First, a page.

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RES abandons work on £300m North Blyth biomass power station

Work on a £300m biomass power station in Northumberland has ceased after uncertainty in UK energy policy caused the withdrawal of a key project partner, the developer has announced.

A company statement from renewable energy developer RES said: “The Government’s inconsistent support for dedicated biomass energy over the last two years - as well as increased uncertainty over the UK’s energy policy under the Government’s Electricity Market Reform process - has critically undermined the investment case for the North Blyth Biomass Power Station.”

RES said a key project partner pulled out of the Port of Blyth project in late 2013.

The decision to end the scheme loses hundreds of millions of pounds of investment into the Blyth estuary and wider Northumberland economy.

It also means the loss of 300 construction job opportunities and 50 full time, long-term operational jobs at the plant along with the loss of an annual Community Benefit Fund.

RES claims the project would also have provided a magnet for economic growth in the region.

RES chief operating officer for the UK, Gordon MacDougall said: “The North Blyth Biomass Power Station currently faces insurmountable investment barriers due to uncertain Government energy policy.

“The gradual erosion of support for dedicated biomass leaves us with no other option.”

“This is a reminder to Government that, without a consistent approach to energy policy, investors and developers will be deterred from delivering the billions of pounds needed to ensure the nation’s energy infrastructure is able to keep the lights on and secure cost effective electricity for British homes and businesses.”

A company statement questioned Government support for fossil fuels.

It said: “The Government’s preference for the conversion of existing coal fired power stations to biomass over dedicated biomass generating capacity is at odds with the urgent need to bridge the looming capacity crunch in the UK energy system.”

RES has called upon the Government to clarify its support for renewable energy as a vital part of the UK energy mix, in order to ensure that independent generators and major investors alike have the certainty needed to continue investing in UK infrastructure.

The Renewable Energy Association (REA) chief executive Dr Nina Skorupska said: “This is a bitter blow for RES, for the Northumberland economy, for our energy security and for climate change objectives.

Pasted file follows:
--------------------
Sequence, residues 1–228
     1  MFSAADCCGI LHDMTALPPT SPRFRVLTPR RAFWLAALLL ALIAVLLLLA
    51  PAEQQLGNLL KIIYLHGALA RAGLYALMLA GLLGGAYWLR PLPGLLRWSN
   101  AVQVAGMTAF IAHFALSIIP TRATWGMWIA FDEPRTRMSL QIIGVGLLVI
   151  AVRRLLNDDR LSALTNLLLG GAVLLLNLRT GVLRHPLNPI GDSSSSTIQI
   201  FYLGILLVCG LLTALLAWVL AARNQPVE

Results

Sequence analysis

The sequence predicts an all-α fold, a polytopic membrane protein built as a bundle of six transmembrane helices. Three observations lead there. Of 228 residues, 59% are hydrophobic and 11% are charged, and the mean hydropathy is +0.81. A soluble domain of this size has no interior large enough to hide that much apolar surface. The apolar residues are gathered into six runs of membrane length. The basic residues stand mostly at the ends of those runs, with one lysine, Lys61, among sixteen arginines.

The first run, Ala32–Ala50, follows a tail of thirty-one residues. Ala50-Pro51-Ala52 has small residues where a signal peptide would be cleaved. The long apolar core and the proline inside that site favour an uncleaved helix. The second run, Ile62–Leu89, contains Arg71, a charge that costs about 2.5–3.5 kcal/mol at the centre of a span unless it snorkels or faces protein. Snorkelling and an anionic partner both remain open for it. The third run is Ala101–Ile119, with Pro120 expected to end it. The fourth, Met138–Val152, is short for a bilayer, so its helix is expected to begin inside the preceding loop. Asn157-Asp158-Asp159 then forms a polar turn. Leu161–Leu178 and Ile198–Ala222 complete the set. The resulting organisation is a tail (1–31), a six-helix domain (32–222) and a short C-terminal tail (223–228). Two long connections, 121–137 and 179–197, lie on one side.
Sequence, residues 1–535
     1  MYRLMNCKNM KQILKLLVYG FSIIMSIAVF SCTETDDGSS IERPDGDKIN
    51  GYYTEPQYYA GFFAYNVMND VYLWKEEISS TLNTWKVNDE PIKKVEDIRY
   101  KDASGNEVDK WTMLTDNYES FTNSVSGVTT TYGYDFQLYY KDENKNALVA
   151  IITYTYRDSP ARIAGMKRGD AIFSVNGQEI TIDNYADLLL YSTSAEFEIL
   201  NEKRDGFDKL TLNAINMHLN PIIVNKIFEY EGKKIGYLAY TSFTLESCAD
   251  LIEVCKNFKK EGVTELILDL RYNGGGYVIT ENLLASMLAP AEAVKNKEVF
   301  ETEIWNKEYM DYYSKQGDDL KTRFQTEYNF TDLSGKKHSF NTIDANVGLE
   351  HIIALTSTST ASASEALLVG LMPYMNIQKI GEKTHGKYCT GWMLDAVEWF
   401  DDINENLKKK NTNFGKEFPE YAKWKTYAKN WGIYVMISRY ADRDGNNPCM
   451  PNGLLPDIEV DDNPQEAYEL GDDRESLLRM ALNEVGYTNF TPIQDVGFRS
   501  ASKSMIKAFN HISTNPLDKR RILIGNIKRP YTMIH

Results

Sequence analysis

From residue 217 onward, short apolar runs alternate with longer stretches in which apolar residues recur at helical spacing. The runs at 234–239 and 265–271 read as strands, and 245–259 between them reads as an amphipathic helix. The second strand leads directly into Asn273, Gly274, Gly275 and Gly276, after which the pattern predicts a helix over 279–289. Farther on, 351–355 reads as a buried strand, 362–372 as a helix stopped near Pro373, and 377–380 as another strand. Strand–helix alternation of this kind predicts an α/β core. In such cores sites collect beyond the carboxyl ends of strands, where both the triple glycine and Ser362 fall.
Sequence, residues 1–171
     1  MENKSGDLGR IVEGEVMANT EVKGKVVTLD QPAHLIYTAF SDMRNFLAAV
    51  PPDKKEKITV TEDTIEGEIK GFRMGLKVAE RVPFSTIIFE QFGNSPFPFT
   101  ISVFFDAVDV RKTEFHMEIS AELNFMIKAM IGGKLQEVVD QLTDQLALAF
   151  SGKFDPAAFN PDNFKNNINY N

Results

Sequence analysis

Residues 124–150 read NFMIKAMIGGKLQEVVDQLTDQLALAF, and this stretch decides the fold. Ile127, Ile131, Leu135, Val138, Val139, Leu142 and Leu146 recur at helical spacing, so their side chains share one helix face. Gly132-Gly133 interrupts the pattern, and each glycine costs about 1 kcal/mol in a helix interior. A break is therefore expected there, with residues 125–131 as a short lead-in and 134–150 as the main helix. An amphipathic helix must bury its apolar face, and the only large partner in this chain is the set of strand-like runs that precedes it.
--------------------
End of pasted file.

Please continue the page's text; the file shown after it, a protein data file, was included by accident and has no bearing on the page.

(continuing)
“Recent Government actions have eroded investor confidence in the biomass sector. The result is project cancellations totalling hundreds of MWs and millions of pounds of inward investment.

“The Government now must move swiftly to protect both existing and future investment, by giving a strong, clear and positive message that the UK is still open for business for biomass.”

Readers' comments (1)

  • This announcement is good news for forests, climate and communities.

    Whilst RES are painting this story as a failure of Government to adequately support renewable energy, let's look at the facts. The plant would have needed some 1 million tonnes of wood each year, mostly imported, and contributing to the already unsustainable demand for pellets the UK currently creates. There is widespread evidence that UK demand for wood for biomass electricity is being increasingly sourced from cleared wetland forests and important ecosystems in North America. Further still, study after study has shown that far from reducing carbon emissions, burning biomass can actually be more polluting than burning coal. On top of this, biomass power stations negatively affect air quality and therefore the communities around them.

    Big biomass electricity is not sustainable, renewable energy. On the contrary, it is highly polluting and destructive.

    On the issue of Government support, had RES built this plant by 2017, they would have been eligible for up to £50 million a year in subsidies under ROCs, and would still be eligible for support under the new regime, with minimal heat use and low efficiency. Government support for dirty big biomass has been nothing but consistent, and provides lucrative financial support at the expense of the bill-payer. This announcement is actually a victory for common sense and the communities that opposed the plant.

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